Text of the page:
• Any combination thereof.

  • If an existing physician-patient relationship does not exist prior to the utilization to telemedicine technologies, or if services are rendered solely through telemedicine technologies, a physician-patient relationship may only be established:

    • Through the use of telemedicine technologies which incorporate interactive audio using store and forward technology, real-time videoconferencing or similar secure video services during the initial physician-patient encounter; or

    • For the practice of pathology and radiology, a physician-patient relationship may be established through store and forward telemedicine or other similar technologies.

  • Once a physician-patient relationship has been established, either through an in-person encounter or in accordance with the requirements above, the physician may use any telemedicine technology that meets the standard of care and is appropriate for the particular patient presentation.

  • Audio-Only or Text-Based Communications. The law does not prohibit the use of audio-only or text-based communications by a physician who is:

    • Responding to call for patients with whom a physician-patient relationship has been established through an in-person encounter by the physician;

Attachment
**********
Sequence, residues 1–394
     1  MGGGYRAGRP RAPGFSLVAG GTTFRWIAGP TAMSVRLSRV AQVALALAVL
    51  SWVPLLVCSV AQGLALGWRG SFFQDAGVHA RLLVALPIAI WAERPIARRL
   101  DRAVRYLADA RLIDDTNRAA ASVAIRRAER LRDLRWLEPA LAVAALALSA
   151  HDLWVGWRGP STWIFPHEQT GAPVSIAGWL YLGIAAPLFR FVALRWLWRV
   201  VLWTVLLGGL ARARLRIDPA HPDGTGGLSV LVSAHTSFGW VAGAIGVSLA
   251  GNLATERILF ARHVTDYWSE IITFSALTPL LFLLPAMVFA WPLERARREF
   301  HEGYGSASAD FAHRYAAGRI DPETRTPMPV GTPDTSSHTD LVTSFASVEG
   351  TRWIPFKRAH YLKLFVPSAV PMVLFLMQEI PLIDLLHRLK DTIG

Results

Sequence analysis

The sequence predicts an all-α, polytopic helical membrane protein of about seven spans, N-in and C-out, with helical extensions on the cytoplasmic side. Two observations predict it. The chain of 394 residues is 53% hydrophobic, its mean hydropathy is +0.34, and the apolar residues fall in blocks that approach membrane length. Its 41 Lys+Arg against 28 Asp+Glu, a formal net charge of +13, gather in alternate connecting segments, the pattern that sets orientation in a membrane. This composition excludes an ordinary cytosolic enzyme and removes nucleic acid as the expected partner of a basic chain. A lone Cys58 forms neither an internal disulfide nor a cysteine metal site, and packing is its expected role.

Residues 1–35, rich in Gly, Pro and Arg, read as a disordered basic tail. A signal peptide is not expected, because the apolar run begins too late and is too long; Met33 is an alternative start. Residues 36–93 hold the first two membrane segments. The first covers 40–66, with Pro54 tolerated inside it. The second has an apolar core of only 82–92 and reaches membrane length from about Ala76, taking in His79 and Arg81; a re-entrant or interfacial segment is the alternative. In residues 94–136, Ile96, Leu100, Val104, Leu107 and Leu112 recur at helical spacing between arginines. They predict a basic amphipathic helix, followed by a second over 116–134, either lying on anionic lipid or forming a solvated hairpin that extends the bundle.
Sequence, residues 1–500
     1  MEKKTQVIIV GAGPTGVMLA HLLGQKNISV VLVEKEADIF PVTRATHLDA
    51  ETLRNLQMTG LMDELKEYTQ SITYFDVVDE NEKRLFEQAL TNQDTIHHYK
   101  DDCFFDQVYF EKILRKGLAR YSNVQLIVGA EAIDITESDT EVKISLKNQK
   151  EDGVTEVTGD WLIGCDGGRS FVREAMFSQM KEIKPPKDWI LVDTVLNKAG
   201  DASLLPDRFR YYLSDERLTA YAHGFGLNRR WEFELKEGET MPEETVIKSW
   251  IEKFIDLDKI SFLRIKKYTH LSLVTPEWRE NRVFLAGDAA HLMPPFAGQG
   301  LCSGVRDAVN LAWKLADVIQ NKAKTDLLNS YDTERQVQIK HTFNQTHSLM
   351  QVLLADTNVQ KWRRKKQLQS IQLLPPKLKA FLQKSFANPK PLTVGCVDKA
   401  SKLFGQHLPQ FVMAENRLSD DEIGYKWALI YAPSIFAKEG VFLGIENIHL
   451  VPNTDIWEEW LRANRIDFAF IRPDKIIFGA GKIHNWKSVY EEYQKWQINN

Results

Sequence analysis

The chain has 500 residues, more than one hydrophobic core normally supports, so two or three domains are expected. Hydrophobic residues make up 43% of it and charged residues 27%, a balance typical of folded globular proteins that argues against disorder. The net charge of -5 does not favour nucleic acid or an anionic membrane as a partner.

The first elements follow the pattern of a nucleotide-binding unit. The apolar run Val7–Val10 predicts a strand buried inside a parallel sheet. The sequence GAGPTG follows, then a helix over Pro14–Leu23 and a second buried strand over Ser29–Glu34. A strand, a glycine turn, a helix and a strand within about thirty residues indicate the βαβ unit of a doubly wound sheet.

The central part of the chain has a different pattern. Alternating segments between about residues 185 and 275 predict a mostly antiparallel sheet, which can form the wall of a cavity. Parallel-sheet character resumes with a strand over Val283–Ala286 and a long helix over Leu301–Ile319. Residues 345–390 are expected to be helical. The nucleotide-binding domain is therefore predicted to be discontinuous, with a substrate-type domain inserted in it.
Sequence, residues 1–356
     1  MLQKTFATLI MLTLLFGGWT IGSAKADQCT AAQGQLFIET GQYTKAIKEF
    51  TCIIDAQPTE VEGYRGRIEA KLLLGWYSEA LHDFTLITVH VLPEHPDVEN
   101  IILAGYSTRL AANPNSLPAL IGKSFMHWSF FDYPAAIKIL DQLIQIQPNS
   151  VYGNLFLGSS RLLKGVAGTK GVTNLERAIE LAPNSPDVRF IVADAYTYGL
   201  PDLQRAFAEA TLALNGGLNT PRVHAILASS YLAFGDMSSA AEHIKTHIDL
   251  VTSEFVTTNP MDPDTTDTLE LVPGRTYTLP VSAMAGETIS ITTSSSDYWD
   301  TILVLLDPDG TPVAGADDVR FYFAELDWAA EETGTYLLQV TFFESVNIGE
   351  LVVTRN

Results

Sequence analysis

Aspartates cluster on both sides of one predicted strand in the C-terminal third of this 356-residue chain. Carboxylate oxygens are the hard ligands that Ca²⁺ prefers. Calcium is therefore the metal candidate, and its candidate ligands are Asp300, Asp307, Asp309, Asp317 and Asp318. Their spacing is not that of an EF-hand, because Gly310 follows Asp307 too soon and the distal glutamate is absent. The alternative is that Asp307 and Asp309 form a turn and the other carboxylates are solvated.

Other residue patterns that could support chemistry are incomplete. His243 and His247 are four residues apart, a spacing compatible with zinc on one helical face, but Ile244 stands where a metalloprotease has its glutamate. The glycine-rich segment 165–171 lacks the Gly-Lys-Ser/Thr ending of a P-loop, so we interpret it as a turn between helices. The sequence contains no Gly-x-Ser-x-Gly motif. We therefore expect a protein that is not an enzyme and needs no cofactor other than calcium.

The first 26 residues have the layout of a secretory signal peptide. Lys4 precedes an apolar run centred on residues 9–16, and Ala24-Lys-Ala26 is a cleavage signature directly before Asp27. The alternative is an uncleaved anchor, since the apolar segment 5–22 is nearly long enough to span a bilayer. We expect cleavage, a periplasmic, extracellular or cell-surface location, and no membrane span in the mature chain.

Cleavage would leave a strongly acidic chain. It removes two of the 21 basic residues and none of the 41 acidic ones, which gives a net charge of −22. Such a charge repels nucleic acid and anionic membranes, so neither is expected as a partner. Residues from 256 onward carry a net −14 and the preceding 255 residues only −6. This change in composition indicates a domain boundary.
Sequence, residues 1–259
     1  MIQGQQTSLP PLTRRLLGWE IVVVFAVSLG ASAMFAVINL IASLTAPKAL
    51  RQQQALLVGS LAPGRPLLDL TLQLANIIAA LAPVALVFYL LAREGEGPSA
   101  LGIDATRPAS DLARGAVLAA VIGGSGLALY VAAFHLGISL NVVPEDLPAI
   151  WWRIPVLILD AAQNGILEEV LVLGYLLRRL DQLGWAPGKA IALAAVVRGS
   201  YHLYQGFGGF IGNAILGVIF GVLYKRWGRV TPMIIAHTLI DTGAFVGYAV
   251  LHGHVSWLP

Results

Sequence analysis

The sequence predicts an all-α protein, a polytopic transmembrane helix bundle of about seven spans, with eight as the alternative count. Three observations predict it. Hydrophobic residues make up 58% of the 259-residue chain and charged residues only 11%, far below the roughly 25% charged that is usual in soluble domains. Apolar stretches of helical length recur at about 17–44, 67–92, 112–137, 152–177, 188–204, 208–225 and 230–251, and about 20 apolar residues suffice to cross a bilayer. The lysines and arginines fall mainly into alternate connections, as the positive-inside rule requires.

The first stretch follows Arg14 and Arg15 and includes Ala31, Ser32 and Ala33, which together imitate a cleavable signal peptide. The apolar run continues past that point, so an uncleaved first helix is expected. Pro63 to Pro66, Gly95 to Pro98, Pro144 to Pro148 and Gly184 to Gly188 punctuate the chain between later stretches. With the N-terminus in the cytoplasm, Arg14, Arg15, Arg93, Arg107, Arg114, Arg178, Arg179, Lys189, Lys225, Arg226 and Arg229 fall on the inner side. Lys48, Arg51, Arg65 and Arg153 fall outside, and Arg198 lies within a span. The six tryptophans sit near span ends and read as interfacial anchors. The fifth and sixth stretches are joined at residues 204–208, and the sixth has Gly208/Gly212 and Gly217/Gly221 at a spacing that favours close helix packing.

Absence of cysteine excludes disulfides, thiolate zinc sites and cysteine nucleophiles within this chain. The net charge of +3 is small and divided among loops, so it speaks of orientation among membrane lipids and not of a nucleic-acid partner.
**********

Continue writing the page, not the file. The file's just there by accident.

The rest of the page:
• Providing cross coverage for a physician who has established a physician-patient relationship with the patient through an in-person encounter; or

    • Providing medical assistance in the event of an emergency situation.

  • Telemedicine Examinations. A physician using telemedicine technologies to practice medicine must observe the following rules:

    • Verify the identity and location of the patient;

    • Provide the patient with confirmation of the physician’s identity and qualifications;

    • Provide the patient with the physician’s physical location and contact information;

    • Establish (or maintain) a physician-patient relationship that conforms to the standard of care;

    • Determine whether telemedicine technologies are appropriate for the patient’s particular condition;

    • Obtain the patient’s consent for telemedicine;

    • Conduct all appropriate evaluations and history of the patient consistent with traditional standards of care for the patient’s particular condition; and

    • Create and maintain healthcare records for the patient which justify the course of treatment.

    • Note: These eight requirements do not apply to the practice of pathology or radiology medicine through store and forward telemedicine.

  • Standard of Care. A physician who delivers healthcare services through telemedicine is held to the same standards of appropriate practice as those in traditional in-person settings. Treatment, including issuing a prescription, based solely on an online questionnaire, does not constitute an acceptable standard of care.

  • Remote Prescribing. Remote prescribing without a prior in-person exam is permitted, including prescriptions for controlled substances, subject to certain limitations.

    • A physician who practices medicine to a patient solely through the utilization of telemedicine technologies may not prescribe to that patient any Schedule II controlled substances.